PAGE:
I think we’ve all had times in our lives where we had a clear plan for ourselves. Perhaps a plan related to our career, or a plan for our family, or as was the case for me, a plan for my education. I remember when the first college brochure arrived in the mail when I was in high school. It was for a school in Delaware, one that I had no interest in and never looked at beyond reading through that first brochure. But, it was a momentous occasion, it was when the prospect of graduating high school, the prospect of going off to college, the prospect of deciding a career path first felt real!
Of course, that first brochure was just the tip of the iceberg. Soon our mailbox was regularly filled with college solicitations, and I began the work of planning which programs I was interested in, which colleges I wanted to apply to, and what I needed to do to get accepted.
Of course, the labour of laying plans did not end when I was accepted into a school. I had to start making plans for my degree program, figuring out the courses I needed to complete, the different directions I could go within them, and the extracurricular work that would add to my education and experience. Soon I was looking at graduate schools and applying for special internships that would be fun and bolster my application.
In short, my life was filled with plans of my own making, plans backed by course catalogs, academic schedules, and application deadlines. It gave me a sense of confidence, a sense of purpose, a sense of being in control!
So, naturally, I didn’t particularly enjoy it when I watched those plans fall apart. I remember feeling very clearly the feeling of control slipping from my fingers and a sense of fear of the unknown as I began recognizing a call to seminary and ministry. It did not fit in the future I had imagined. This was not a part of my plan!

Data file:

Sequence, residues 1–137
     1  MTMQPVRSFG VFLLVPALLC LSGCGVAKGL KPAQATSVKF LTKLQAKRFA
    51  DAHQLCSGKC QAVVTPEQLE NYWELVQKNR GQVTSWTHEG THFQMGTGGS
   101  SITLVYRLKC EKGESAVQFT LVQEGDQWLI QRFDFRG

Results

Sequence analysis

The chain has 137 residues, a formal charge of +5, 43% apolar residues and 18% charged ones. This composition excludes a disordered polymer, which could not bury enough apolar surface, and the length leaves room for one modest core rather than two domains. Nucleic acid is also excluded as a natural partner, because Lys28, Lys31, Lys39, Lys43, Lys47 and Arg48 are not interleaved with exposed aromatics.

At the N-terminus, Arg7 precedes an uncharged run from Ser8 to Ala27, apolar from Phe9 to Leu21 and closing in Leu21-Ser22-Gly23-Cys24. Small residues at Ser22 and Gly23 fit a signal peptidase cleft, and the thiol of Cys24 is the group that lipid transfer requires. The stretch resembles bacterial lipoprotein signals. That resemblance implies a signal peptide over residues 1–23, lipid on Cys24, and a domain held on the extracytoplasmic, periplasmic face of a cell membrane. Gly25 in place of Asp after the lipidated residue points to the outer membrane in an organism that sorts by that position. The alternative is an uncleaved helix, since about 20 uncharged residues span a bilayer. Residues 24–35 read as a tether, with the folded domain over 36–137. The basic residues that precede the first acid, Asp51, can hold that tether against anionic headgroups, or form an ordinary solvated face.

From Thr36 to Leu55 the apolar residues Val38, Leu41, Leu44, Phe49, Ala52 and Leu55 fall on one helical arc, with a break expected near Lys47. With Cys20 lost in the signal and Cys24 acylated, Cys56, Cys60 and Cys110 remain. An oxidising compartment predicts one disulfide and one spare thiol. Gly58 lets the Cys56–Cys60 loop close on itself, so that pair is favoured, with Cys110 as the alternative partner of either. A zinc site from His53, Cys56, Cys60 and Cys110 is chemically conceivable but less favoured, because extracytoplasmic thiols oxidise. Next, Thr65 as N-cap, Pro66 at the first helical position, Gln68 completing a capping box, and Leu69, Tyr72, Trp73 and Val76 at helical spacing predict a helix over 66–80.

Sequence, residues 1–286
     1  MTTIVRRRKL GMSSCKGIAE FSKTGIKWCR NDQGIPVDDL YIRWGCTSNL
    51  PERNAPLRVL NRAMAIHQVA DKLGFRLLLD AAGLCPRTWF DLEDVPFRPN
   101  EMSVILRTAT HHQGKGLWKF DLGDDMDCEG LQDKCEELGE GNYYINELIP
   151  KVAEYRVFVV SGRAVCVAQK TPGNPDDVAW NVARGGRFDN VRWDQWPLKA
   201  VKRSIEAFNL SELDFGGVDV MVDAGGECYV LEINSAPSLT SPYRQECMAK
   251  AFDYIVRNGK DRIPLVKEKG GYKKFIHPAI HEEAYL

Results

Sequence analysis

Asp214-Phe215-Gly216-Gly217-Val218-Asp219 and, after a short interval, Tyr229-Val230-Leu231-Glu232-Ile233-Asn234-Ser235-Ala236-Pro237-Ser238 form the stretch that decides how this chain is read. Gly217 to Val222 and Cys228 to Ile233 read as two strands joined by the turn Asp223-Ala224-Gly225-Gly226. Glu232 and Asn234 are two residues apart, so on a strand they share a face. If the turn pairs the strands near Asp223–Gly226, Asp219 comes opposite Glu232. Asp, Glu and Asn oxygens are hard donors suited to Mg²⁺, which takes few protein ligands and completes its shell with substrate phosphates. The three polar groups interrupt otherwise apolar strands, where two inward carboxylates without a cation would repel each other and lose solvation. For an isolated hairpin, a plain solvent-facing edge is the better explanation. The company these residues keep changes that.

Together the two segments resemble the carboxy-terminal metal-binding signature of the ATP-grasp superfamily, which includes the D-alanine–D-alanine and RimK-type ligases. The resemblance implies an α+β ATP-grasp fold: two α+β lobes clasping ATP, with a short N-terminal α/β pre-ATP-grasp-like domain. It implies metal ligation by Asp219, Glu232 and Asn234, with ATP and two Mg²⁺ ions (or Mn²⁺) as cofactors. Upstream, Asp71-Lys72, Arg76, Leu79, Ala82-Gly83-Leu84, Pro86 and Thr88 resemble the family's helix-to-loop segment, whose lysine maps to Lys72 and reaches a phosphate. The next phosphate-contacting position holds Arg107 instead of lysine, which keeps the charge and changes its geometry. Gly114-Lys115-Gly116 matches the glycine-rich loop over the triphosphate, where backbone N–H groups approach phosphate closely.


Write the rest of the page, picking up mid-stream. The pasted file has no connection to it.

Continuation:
I suppose that is the nature of plans, though. They get broken.
I feel a certain connection with Jesus in this story, a certain sympathy with his frustration, because it is easy to hear in this story Jesus’ own frustration with having his plans challenged.
We find Jesus in our Gospel reading today in the midst of a string of teachings, healings, and casting out of evil spirits as he moves from town to town, steadily making his way to Jerusalem. Just as he is finishing his latest teaching, Pharisees come to him, warning of Herod’s desire to have him put to death. Jesus’ response is essentially that he doesn’t have time for this nonsense. Telling Herod that he can go shove off, Jesus waves the warning aside—after all he still has more healings to complete, there are still more demons that need casting out, and he is not yet done with his teachings. In short, Herod’s threat does not fit into his plan, at least not yet. The time for that will come soon, Jesus warns, but not yet.
And with that, we can almost imagine Jesus checking his schedule and getting back to work.
That is the difference between me and Jesus. I make plans that seem more like an exercise in humility as I watch, powerless, when they begin to fall apart. Jesus shapes the world around to his plan.
It is easy to hear this story as Jesus keeping on schedule with a plan, swatting away at distractions. Now there is no time for Herod and his drama. Now there are healings to do, tomorrow and the day after brings demons that need casting out and some more teaching. But soon, soon there will be Jerusalem. Soon there will be his crucifixion. You can almost hear Jesus thinking this as he keeps to his timeline.
Except, is that really what’s happening?
I’ll be honest, I have a bit of a problem with the idea that Jesus was simply following God’s plan, that God is the master architect of a plan for our salvation. I have a problem with it because that means that from the moment Jesus first drew breath, he was started down the path of this divine plan that would require his death. Even when I was a child that bothered me, that the God who created all things and through whom anything is possible could only come up with a plan that would require Jesus, or anyone else, to die. If that is God’s plan, then what does that make God?